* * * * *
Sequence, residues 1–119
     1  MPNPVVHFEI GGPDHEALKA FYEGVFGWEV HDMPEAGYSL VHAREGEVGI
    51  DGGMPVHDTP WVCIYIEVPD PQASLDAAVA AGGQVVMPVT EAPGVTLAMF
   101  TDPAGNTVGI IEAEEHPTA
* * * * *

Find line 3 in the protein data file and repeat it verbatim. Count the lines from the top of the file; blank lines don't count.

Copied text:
    51  DGGMPVHDTP WVCIYIEVPD PQASLDAAVA AGGQVVMPVT EAPGVTLAMF